The threat to jobs comes as schools continue to complain of shortages and despite ministerial promises of a big expansion in the numbers of classroom assistants to be drafted into schools in their workload deal with teacher unions.
Schools had been expecting to reap the benefits of Chancellor Gordon Brown's "biggest sustained increase in education spending for a generation".
But headteachers in at least seven local authorities are warning that they will not have enough money to retain existing staff, let alone meet the costs of last month's workload deal.
Many more authorities will avoid laying off staff through big increases in council tax or by cuts to other services.
The largest support staff union, Unison, has already received calls from members threatened with redundancy.
The worst-hit areas are in southern England. Headteachers in Plymouth say that the jobs of 100 teachers and 200 classroom assistants will go.
Schools in Leicestershire, Essex, Bracknell Forest and the London borough of Bromley will also be affected, a TES survey of 43 of the worst-hit local education authorities reveals.
In York, schools will have to cut jobs after losing around pound;1 million between them from the council's education budget. Dorset and Liverpool councils said they could not rule out redundancies. Heads in Barnet are also expecting job losses.
Alan Davison, head of Mill Hill county high in Barnet, north London, will lose about five teachers because it has a pound;200,000 budget shortfall.
He said: "There is no question that we will have to lose staff and it is at a time when we should be cutting workload because there are more pupils."
West Sussex believes its schools can avoid redundancies but has written to parents and schools to warn them that, despite an 18.5 per cent council tax rise, schools face cuts of around pound;40 per pupil.
The National Union of Teachers - the only teaching union to refuse to sign the workload deal - warned that the Government's standards drive was now under threat.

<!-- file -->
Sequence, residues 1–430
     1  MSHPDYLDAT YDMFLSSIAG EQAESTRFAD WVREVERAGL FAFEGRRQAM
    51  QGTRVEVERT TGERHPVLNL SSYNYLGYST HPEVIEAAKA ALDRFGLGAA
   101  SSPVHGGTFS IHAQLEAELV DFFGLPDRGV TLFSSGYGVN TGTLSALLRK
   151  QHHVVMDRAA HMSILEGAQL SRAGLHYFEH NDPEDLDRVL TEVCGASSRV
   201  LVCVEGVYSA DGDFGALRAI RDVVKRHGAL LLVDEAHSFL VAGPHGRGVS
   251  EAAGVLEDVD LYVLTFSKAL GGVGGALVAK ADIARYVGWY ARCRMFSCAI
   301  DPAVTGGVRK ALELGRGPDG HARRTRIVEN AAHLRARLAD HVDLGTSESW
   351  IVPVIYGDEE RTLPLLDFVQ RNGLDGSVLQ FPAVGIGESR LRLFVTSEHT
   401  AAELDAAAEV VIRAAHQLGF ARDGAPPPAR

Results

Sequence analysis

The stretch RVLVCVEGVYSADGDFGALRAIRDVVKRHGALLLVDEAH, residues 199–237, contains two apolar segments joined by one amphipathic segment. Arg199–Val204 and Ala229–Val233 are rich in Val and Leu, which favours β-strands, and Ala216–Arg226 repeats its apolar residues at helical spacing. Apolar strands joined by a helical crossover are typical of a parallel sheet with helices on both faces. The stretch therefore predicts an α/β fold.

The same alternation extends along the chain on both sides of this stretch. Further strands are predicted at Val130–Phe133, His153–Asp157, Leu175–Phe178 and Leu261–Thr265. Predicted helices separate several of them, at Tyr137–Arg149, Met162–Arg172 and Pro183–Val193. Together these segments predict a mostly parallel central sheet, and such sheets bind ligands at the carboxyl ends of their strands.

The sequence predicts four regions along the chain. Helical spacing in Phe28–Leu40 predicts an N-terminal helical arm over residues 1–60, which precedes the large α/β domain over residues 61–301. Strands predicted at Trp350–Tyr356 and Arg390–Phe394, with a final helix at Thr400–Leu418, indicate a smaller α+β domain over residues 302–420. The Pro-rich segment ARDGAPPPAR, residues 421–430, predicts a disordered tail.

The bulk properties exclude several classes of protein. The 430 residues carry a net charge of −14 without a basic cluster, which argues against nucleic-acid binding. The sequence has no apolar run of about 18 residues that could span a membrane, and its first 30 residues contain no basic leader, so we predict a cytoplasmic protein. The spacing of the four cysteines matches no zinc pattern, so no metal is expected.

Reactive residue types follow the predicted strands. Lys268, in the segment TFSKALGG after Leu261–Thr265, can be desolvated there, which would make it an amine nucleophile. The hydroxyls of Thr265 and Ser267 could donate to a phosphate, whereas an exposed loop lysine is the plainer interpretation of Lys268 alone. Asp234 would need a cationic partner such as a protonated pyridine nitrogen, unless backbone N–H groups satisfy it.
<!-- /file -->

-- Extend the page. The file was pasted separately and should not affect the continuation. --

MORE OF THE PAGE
John Bangs, NUT head of education, said: "The potential is there for schools to delete teaching posts because unqualified staff are cheaper."
Changes to the council funding system and the scrapping of some direct grants have meant big increases for some areas while others struggle to meet rising costs, such as funding the 2.9 per cent teachers' pay rise.
Falling pupil numbers have also affected some areas, notably Bracknell Forest and Leicestershire.
Earlier this month, Education Secretary Charles Clarke used new powers to force Croydon and Westminster to increase their schools' budgets but fewer than half of the councils expecting redundancies passed on less cash to schools than the Government intended them to.
Plymouth has to make pound;14.2m cutbacks in public services despite a 14.75 per cent rise in council tax while schools in Bromley will lose more than pound;2m in standards fund grants.
David Hart, general secretary of the National Association of Headteachers, said that the problem appeared to be "fairly widespread".
"The Government's statement that all schools are going to benefit from the extra funding in the system this year is simply not true in some cases."
The NAHT has threatened to withdraw from the workload agreement if it turns out not to be funded properly. It will take a decision on the issue in the summer after it has a completed a national survey of school budgets.
A spokesman for the Department for Education and Skills said: "We are guaranteeing LEAs a minimum increase of 3.2 per cent per pupil and pressing authorities to pass on increases in school funding. The vast majority have done so."
Teacher quits, 3 Working harder, 14